The Presiding Bishop was clear on what, or rather who, must be at the heart of all we do: Jesus of Nazareth. It is the model of "unconditional, unselfish, and sacrificial love" as evidenced in the cross of Christ that ever should be before us as we seek to be the Episcopal Branch of the Jesus Movement in the world.

In closing, he brought in a lesser sung stanza of Howe's hymn:
"I have seen Him in the watch-fires of a hundred circling camps,
They have builded Him an altar in the evening dews and damps;
I can read His righteous sentence by the dim and flaring lamps:
His day is marching on."

The President of the House of Deputies, the Rev. Gay Clark Jennings, opened by pointing out she had the unenviable challenge of following the Presiding Bishop, probably the least desirable speaking slot in all of Christendom. That said, her address was equally challenging and profound. She spoke on the behalf of nearly all Episcopalians when she thanked the Presiding Bishop for drawing attention to The Episcopal Church by his, now famous, sermon at the Royal Wedding earlier this year. In particular, she thanked him for using his moment of fame to promote God's mercy, love, and justice.

Jennings pointed out the juxtaposition of the secular significance of July 4th with the lectionary readings that happened to have been assigned for today, all of which speak to the importance of welcoming the foreigner. She pointed out that, "The Bible tells us not to get comfortable because we were once strangers and could be again." Therefore, we are commanded to love the stranger, "even when it disrupts our comfortable relationships with temporal powers." Of course, she connected this to the injustice of separating immigrant families who have entered the United States at the Mexico-US border.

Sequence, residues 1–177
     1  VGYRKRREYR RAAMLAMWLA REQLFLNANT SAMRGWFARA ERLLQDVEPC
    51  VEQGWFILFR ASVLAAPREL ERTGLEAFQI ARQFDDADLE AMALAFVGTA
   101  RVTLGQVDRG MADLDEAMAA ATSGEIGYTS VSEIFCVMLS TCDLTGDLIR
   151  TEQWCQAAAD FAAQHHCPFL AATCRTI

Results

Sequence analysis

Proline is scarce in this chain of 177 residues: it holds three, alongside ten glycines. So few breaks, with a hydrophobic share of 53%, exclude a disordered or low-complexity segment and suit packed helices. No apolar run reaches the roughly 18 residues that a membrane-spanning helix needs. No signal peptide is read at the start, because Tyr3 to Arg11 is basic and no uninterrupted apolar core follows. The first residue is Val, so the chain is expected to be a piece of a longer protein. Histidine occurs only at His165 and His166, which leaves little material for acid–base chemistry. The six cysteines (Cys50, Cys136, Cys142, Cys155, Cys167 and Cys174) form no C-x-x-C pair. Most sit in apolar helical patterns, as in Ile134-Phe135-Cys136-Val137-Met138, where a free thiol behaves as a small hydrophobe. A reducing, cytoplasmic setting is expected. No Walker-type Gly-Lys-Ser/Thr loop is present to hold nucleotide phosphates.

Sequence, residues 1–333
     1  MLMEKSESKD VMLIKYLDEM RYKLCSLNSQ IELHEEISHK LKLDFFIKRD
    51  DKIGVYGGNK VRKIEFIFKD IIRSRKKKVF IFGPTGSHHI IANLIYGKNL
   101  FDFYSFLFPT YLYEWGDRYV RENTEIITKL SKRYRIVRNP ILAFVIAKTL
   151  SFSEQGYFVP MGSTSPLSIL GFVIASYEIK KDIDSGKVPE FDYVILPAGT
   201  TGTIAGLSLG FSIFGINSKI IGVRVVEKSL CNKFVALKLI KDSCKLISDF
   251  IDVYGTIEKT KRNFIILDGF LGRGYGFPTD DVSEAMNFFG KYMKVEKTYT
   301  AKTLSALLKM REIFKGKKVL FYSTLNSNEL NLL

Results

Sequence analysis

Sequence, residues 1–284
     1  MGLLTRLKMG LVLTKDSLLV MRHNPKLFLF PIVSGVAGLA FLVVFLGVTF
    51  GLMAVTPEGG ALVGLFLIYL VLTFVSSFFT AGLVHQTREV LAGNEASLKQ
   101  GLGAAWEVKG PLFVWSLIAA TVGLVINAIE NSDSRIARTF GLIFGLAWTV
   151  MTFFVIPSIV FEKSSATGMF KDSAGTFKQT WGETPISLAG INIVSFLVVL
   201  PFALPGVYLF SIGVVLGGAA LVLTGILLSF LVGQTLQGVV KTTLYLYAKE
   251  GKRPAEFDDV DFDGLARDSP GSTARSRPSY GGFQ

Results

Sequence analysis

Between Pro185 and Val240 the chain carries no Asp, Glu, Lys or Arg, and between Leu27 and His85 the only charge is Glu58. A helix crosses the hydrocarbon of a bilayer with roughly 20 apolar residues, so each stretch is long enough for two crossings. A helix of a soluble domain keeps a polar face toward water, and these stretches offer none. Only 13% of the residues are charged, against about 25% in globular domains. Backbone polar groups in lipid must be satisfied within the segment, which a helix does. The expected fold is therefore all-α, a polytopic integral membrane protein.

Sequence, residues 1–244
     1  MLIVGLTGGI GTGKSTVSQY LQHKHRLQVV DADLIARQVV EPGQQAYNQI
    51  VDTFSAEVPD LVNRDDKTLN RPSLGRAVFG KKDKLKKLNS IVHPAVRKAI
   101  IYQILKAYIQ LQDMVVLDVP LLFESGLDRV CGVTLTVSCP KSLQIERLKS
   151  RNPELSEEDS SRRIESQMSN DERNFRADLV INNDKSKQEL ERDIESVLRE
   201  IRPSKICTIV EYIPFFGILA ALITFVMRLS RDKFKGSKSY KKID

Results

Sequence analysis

Jennings called on General Convention to commit to being uncomfortable in our work and to use the structures of our governance as a tool through which "the voices of all baptized" might be heard. The House of Deputies and the House of Bishops can choose "how to inhabit (our) legislative process" to fulfill the call of the Spirit and do the work God is calling us to do.

She named the conflict that likely will come in the committee hearings and on the floors of the different houses. She said that the "lack of unanimity will not negate the command to love the stranger." There can be no doubt that the conversations on immigration, prayer book revision, race relations, and more, may grow contentious. But through this work, we must continue to strive for God's justice.

Jennings reminded the joint session of the Gospel reading for the day, "But I say to you, Love your enemies and pray for those who persecute you, so that you may be children of your Father in heaven; for he makes his sun rise on the evil and on the good, and sends rain on the righteous and on the unrighteous." (Matthew 5:44-45) She said that General Convention is, "Embarking on hard and holy work...Issues will cut close to our heart. As we debate, let us listen. As we vote, let us do so with charity fro those with whom we disagree."

The joint session of the House of Deputies and the House of Bishops gave both speakers much-deserved standing ovations. Neither the Presiding Bishop nor the President of the House of Bishops shied away from the reality of conflict or the challenges the church faces today. Both quoted holy scripture as they held the love and ministry of Jesus as Nazareth as the goal to which The Episcopal Church should always strive. The two addresses combined for a powerful and inspiring start to the 79th General Convention.